Zelensky’s executive action demands an “action plan” for retaking Crimea from all of Ukraine’s government agencies, not just its armed forces and diplomats. It reportedly requires detailed “diplomatic, military, economic, informational, humanitarian and other measures” to fully expel the Russian government from the region. Moscow’s state-run Russia Today objected to the plan involving the pursuit of full NATO membership for Kyiv. NATO countries are obligated to all respond in the event of an attack on one member country, meaning any Russian military action against a NATO country would necessitate a response from much larger military powers than Ukraine, such as the United States.
While Mendel did not name all of the specific countries allegedly supporting Zelensky’s initiative, several countries have made generalized statements in support of the return of Crimean land to Ukraine’s control.
“We welcome in principle Ukraine’s initiative to establish an International Crimean Platform to consolidate the international community’s efforts on Crimea,” the foreign ministers of the G7 nations — Canada, France, Germany, Italy, Japan, the United Kingdom, and the United States — said in a joint statement in March. The statement preceded the detailed decree Zelensky published on the matter a week later. “Today, seven years after Russia’s illegitimate and illegal annexation of the Autonomous Republic of Crimea and the City of Sevastopol, we reaffirm our unwavering support for and commitment to the independence, sovereignty and territorial integrity of Ukraine within its internationally recognised borders.”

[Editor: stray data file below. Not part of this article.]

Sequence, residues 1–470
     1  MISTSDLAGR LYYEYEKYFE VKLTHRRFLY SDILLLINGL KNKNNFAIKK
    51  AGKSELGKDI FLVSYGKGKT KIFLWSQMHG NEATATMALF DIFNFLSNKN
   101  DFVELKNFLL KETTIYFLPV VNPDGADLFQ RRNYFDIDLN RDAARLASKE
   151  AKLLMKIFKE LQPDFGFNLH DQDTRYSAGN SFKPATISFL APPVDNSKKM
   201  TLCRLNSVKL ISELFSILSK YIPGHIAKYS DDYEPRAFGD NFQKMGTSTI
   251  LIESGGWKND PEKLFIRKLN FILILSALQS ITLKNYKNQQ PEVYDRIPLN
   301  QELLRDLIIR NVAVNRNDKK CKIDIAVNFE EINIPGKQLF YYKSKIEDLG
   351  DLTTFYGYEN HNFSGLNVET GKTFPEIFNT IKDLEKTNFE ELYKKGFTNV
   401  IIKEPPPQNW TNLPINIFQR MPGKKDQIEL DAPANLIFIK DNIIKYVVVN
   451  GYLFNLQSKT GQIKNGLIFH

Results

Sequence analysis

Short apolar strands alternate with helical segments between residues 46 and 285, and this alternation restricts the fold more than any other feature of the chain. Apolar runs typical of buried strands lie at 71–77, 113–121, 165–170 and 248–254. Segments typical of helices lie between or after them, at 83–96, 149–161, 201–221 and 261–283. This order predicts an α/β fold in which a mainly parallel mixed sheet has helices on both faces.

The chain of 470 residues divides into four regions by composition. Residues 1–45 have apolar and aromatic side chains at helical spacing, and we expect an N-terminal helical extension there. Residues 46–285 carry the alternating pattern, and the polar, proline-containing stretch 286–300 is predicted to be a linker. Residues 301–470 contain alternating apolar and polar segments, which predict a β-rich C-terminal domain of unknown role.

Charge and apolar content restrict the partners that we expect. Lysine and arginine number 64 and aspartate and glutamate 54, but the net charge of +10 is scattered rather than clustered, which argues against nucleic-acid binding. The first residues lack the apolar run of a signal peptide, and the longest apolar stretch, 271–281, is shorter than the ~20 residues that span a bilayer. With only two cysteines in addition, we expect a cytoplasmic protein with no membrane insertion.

The Zelensky administration has vocally urged the United States, in particular, to take a more prominent role in helping it restore its territorial integrity, which may prove a challenge under President Joe Biden. Biden’s former boss Barack Obama was president when Russia colonized Crimea and did not take any meaningful action against the move. Biden himself spoke to Zelensky for the first time since becoming president last week, prioritizing the heads of state of nations such as Chile, South Africa, and New Zealand over Ukraine.
Biden reportedly offered Zelensky “unwavering support for Ukraine’s sovereignty and territorial integrity in the face of Russia’s ongoing aggression in the Donbas and Crimea,” according to the White House.
“We are still waiting for the U.S. administration’s specific and correct steps,” an apparently frustrated Foreign Minister Dmytro Kuleba said in remarks last week, according to the Kyiv Post. “One of Ukraine’s key expectations … is a more active and, what’s important, urgent American involvement in the de-occupation of the (Donbas) and Crimea.”
Kuleba’s remarks notably occurred before Biden had spoken to Zelensky, and he did claim he believed Biden would take a “clear stance” against Russia.